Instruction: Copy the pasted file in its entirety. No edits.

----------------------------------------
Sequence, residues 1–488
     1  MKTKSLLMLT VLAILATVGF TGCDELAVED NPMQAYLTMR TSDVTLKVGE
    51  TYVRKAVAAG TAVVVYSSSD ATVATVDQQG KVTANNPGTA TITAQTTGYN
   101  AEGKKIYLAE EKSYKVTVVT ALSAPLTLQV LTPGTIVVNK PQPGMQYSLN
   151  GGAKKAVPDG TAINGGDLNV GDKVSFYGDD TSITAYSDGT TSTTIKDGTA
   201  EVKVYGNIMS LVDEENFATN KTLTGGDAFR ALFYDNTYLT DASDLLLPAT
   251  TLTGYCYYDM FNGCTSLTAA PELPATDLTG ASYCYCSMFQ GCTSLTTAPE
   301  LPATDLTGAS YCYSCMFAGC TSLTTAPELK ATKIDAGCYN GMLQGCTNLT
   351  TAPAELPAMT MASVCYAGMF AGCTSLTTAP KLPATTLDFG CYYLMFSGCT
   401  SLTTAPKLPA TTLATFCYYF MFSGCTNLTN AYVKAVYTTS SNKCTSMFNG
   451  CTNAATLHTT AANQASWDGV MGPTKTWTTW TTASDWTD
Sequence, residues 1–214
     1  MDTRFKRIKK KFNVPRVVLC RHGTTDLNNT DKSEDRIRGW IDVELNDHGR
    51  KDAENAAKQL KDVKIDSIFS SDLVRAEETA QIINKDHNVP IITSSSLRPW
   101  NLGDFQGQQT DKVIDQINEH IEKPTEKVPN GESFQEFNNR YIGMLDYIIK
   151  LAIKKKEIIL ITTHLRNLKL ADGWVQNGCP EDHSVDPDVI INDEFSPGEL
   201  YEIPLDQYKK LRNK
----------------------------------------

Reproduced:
Sequence, residues 1–488
     1  MKTKSLLMLT VLAILATVGF TGCDELAVED NPMQAYLTMR TSDVTLKVGE
    51  TYVRKAVAAG TAVVVYSSSD ATVATVDQQG KVTANNPGTA TITAQTTGYN
   101  AEGKKIYLAE EKSYKVTVVT ALSAPLTLQV LTPGTIVVNK PQPGMQYSLN
   151  GGAKKAVPDG TAINGGDLNV GDKVSFYGDD TSITAYSDGT TSTTIKDGTA
   201  EVKVYGNIMS LVDEENFATN KTLTGGDAFR ALFYDNTYLT DASDLLLPAT
   251  TLTGYCYYDM FNGCTSLTAA PELPATDLTG ASYCYCSMFQ GCTSLTTAPE
   301  LPATDLTGAS YCYSCMFAGC TSLTTAPELK ATKIDAGCYN GMLQGCTNLT
   351  TAPAELPAMT MASVCYAGMF AGCTSLTTAP KLPATTLDFG CYYLMFSGCT
   401  SLTTAPKLPA TTLATFCYYF MFSGCTNLTN AYVKAVYTTS SNKCTSMFNG
   451  CTNAATLHTT AANQASWDGV MGPTKTWTTW TTASDWTD
Sequence, residues 1–214
     1  MDTRFKRIKK KFNVPRVVLC RHGTTDLNNT DKSEDRIRGW IDVELNDHGR
    51  KDAENAAKQL KDVKIDSIFS SDLVRAEETA QIINKDHNVP IITSSSLRPW
   101  NLGDFQGQQT DKVIDQINEH IEKPTEKVPN GESFQEFNNR YIGMLDYIIK
   151  LAIKKKEIIL ITTHLRNLKL ADGWVQNGCP EDHSVDPDVI INDEFSPGEL
   201  YEIPLDQYKK LRNK